Guys, wood is wood, and as I stated in the diatribe about necks, it doesn’t matter what wood you choose, a Strat is still going to sound Strat-like and a Tele will always sound like the Telecaster. Harrison’s Rosewood Tele sounded like a Tele, and in ’62 and ’63, Leo introduced Mahogany bodied Teles, Strats and a few other models. Nobody ever screams, “That’s a Mahogany Strat, I can hear it.” Nope, it still sounds like a Strat. Therefore my recommendation is if it ain’t broke. . . well you know the rest. An Ash, Alder or Mahogany Strat or Tele produce the most duplicated and sought after sounds in the world of electric guitars, so why redesign success. While Mahogany will sound slightly different than Ash, and Ash sounds slightly different than Alder, the differences are so subtle as to be inconsequential. Each style guitar will retain its characteristic sound.
That said, to play at your best you have to placate your subconscious, thus if you think Pink Spotted Worm filled wonder wood will give you the best tone, I strongly urge you to go with it. However I ask you to consider the previous paragraph again.
You can use a very ugly knot filled piece of whatever, or a beautifully figured hunk of something else and not much is going to change except the price. So since it really comes down to parts and quality of construction, let’s continue exploring my typical guitar.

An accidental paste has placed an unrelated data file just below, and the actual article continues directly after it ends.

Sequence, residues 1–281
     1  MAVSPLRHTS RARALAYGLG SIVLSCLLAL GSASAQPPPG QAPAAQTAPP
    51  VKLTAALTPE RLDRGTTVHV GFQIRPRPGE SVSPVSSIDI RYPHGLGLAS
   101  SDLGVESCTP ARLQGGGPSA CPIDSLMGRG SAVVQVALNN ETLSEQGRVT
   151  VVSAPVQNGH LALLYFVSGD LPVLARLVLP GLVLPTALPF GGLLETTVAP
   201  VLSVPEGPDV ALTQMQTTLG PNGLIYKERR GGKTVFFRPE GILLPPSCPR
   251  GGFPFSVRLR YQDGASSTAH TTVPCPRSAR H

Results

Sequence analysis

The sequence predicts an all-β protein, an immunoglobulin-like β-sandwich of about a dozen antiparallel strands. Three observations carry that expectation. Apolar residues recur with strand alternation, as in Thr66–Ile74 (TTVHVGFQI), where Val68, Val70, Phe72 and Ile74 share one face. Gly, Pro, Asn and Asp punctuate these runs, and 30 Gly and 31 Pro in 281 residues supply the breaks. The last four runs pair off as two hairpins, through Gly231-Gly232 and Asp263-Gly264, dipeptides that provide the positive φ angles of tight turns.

Unless you specify something different, all my bodies are hand shaped by me about like they did in the 50’s. Pin routers, templates, sweat and sawdust is how they were made then and how I make them now. No computer controlled anything gets close to my bodies. The shape is made from templates I made from original vintage Strats or Teles as I had the opportunity to do so, so no guess work here.
Once shaped and sanded, if a transparent finish has been ordered, the wood is dyed with aniline dyes, thus the wood becomes the correct color. The color isn’t laying on top of the wood, the wood itself assumes the color. It is then locked in with a nitrocellulose sealer. A light sanding begins the lacquering process. Multiple coats are applied.
Many get antsy when they see the term “Multiple Coats”. This is because many subscribe to the notion that only thin coats of a finish can produce the most desirable “tone”. A coat of nitrocellulose lacquer is much thinner than other finishes used on guitars such as poly urethanes. Also, during the lacquering process, 10 coats may be applied, but then 9 will be wet sanded back off, thus a 100 coat lacquer finish, typical for my guitars, will have a finish thinner than the poly finishes used on most custom production guitars made today.
So after spraying, waiting, spraying and waiting, the body is set aside for about a month to harden fully. It is now that the various recesses are cut for the hardware, the Neck plate on both the Strat and Tele, and the Back Tremolo cover and Jack plate on the Strat. They must be hand cut for each piece since there are slight variations in size during the manufacturing process. The recesses are stained and a coat of sealer is applied, then after a final wet sanding it is polished to a superb finish. I will give it a light hand buffing to give it that New Old Stock appearance. Then it’s on to the electronics treatment.